......or he could of not been thinking that at all..........I think it's a really interesting analysis. It shows that the improvisor need not necessarily follow the lead sheet precisely as far as chord symbols go -- for instance Eb to Eb- rather than C- to F7, thinking relative minors and all -- and implies flexibility required to go with what the rhythm section plays, and vice versa. Improvising is 'thinking on your feet'. This illustrates what Bird *may* have been thinking, it's good.
This is probably the right answer. To me, analyzing a solo is not about what the artist was thinking while playing the solo, but rather what he was thinking while practicing. Then I can practice the same stuff and hope to hear something of what I was practicing while taking a solo.......or he could of not been thinking that at all..........
Or else gain an insight into the logic of the analyser. (analyst?)It's anyone's guess what Bird was thinking. That's exactly why analysis has it's place,... to hopefully gain a little insight on the logic of his lines.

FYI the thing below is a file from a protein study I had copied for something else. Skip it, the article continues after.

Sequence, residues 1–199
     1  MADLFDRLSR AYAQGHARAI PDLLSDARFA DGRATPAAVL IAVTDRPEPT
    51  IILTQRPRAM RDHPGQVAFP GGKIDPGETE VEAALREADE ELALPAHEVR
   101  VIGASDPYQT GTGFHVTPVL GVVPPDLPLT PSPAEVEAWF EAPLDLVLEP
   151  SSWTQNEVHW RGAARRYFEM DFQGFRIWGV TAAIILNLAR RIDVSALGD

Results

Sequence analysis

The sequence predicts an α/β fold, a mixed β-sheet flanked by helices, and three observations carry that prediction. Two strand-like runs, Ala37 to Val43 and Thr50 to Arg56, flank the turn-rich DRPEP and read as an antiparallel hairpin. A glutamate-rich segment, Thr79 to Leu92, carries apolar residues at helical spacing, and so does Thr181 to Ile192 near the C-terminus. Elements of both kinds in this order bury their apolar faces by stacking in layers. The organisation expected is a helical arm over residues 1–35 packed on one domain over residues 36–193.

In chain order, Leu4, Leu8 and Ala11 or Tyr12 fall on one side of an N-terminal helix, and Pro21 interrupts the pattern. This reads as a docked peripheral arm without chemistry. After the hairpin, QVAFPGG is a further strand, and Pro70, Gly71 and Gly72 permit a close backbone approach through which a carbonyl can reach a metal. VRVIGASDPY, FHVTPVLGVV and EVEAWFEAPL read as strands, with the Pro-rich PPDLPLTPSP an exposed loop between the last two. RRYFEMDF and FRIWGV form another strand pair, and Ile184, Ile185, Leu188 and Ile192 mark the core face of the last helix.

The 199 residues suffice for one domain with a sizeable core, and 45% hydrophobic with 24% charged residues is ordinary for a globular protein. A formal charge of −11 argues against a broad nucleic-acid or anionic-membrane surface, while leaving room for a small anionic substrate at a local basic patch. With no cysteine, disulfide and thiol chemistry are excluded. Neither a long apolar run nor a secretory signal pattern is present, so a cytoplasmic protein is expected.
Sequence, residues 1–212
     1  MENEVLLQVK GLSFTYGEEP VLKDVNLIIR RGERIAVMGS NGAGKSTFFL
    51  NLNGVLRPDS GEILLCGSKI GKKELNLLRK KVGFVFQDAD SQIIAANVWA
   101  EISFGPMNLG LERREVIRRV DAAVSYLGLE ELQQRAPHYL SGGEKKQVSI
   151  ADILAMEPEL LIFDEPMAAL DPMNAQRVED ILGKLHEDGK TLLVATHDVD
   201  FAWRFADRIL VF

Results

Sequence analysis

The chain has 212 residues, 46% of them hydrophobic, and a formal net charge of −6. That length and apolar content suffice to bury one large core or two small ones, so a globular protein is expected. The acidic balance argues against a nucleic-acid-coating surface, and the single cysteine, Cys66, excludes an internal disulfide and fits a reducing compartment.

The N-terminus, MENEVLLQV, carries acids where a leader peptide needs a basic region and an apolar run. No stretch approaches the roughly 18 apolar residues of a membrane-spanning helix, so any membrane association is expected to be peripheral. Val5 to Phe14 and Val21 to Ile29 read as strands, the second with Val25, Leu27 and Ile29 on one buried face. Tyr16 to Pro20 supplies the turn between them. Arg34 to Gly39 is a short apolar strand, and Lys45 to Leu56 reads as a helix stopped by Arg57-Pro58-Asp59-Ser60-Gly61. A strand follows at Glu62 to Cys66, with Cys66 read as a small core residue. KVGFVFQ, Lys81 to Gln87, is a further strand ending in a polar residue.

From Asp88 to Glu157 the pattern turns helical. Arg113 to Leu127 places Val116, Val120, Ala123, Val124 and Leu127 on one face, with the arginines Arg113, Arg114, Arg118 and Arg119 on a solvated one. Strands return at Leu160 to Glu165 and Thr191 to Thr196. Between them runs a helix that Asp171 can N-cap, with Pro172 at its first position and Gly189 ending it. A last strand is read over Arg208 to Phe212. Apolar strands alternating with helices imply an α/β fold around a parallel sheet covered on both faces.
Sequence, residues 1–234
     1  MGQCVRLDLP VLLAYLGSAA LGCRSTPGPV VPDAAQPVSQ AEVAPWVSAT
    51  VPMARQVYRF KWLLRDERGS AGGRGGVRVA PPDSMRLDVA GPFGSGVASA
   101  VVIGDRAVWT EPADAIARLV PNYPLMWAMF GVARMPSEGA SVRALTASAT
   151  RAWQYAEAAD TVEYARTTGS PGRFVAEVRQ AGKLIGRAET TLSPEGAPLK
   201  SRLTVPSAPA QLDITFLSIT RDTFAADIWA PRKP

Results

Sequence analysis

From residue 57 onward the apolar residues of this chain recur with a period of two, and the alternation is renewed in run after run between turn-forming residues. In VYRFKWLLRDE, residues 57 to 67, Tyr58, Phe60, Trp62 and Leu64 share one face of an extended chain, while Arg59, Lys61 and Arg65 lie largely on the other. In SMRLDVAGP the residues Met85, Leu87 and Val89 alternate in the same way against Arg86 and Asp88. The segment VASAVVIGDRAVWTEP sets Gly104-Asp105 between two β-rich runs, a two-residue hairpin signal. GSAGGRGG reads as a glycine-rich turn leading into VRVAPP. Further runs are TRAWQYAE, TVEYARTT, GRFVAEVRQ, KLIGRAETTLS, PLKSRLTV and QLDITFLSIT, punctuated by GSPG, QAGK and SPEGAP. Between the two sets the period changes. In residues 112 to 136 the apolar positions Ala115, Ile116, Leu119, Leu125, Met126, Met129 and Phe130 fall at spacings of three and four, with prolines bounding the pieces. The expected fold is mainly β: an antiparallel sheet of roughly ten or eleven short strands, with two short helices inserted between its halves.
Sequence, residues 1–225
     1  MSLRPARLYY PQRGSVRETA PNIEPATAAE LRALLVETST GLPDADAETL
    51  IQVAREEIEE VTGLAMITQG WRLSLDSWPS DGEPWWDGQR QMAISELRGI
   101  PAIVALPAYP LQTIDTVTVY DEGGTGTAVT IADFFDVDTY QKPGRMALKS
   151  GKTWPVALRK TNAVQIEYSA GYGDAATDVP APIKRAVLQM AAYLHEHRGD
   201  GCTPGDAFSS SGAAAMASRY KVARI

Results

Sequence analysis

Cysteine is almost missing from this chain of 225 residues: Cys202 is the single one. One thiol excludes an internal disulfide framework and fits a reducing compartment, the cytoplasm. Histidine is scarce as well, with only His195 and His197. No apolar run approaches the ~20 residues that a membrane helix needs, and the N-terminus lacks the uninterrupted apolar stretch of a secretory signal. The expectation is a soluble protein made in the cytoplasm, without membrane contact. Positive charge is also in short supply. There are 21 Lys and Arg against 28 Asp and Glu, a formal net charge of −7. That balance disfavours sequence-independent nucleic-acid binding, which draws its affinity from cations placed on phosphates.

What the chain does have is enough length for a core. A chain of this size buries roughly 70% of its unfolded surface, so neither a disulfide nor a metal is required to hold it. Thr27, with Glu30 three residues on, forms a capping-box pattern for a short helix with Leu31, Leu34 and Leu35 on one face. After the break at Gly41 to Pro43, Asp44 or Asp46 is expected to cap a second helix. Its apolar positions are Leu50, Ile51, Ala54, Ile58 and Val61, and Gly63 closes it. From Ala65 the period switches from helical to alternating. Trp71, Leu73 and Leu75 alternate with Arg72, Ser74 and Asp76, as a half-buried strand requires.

I absolutely agree, no argument there - I do it all the time.True. But I think it can also be eye opening to try just playing lines off the V on ii V chunks. Trying to change run every single chord can come out quite mechanical and I think to play around with some over-arching ideas can create some great results. It can free you up to experiment and be more creative I think.
I am not putting down analysis, if you read what I posted all I was doing was questioning the assertion that the analyst knew what Bird was thinking. How could he have known that Bird was ignoring the Fm7? It's absolutely fine to look at things in different ways as long as it is clear that is the way the analyst is thinking (or anybody might want to think) as opposed to stating for a fact what the artist was thinking.At any rate, I can't imagine why anyone would put down some analysis. I think the more ways you can look at something the better.